“Union trouble ain’t no news in this burg.”

If your villains are so cartoonish they don’t seem real, doesn’t that let the rest of humanity off the hook a little too easily.  The monsters here are human.  Yes, the seduction of money turns them into something less than civilized, but it’s harder to put ourselves in their place, it’s harder to acknowledge the danger of being lured into apathy, compromise, or self-interest ourselves, if we can’t see ourselves in the full cast of characters.  It might be stacking the deck even more on one side of the argument than Blitzstein already does in the text/lyrics.  Certainly the actors all inject humanity into their characters as much as possible.  But on the one hand, the script is fighting them, and it’s hard not to play into stereotypes when you’re outfitted that way.  I have to hand it to the Frank creative team for going for it, fully embracing Blitzstein’s vision.  But part of me wonders if they should have fought him, just a little bit.

“They won’t pay us for our bodies so we’ll sell out in some other way.”

Frank Theater mounted Cradle once before, in 2003.  George W. Bush was in his first term.  The Afghanistan and Iraq Wars had just started.  Barack Obama hadn’t made that big speech at the Democratic National Convention yet.  The 2008 recession was still a few years off.  And we didn’t have our current president.  So, this production is definitely taking place in a radically different context, with a different resonance.  Corruption and wars have certainly always been with us in one form or another.  We’ve always needed people to band together for the greater good, pushing back against the negative actors of the world.  There’s a reason big business (and corrupt government officials) spend so much time and money trying to break workers’ unions.  Unions are the most powerful tool the working person has to take back power and fight for a better life, for all of us.  The fascinating thing about The Cradle Will Rock is that even though it’s very clear-eyed about the rot at the center of society’s ills, it still fervently believes that people with good intentions can beat back the darkness and build a better world, no matter how dark that darkness gets.  In 90 minutes of singing, they almost make me believe that, too.  I want to believe.  I really do.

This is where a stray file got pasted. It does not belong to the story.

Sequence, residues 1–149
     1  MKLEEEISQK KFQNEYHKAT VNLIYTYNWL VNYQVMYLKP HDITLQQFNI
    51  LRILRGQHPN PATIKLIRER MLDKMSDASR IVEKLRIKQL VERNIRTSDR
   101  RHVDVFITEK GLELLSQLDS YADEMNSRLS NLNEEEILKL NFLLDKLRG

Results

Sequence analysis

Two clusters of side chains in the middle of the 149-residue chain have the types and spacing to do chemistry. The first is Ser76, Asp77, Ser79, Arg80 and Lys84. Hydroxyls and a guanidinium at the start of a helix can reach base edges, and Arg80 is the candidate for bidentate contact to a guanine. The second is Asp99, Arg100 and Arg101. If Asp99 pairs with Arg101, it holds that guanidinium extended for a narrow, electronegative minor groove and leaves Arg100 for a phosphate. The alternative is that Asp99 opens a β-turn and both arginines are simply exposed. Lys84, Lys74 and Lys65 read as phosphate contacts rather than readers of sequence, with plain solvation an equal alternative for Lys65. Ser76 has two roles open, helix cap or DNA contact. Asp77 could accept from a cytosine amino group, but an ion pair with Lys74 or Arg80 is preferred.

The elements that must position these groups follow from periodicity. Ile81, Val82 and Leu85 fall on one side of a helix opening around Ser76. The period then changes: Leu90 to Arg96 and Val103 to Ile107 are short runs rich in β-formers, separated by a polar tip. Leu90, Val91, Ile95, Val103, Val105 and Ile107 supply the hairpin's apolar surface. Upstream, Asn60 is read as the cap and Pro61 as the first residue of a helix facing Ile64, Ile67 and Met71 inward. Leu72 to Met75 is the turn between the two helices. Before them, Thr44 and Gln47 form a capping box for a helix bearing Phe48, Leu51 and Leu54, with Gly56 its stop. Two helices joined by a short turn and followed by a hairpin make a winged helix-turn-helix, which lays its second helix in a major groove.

“When the wind blows, the cradle will rock.”

If you need a jolt of righteous anger bound up with relentless optimism in its closing number, The Cradle Will Rock is just as perfect a piece of theater for you as it is for the folks at Frank.  You should treat yourself.  Frank Theatre presents The Cradle Will Rock at the Gremlin Theater space, now through April 7, 2019.

4.5 stars - Very Highly Recommended

(Photo: Junior Mister (Sasha Andreev) does his little happy dance as Editor Daily (Bob Beverage), Sister Mister (Chelsie Newhard) and Mr. Mister (John Cutler) look on, in Frank Theatre's production of The Cradle Will Rock; photography: Tony Nelson)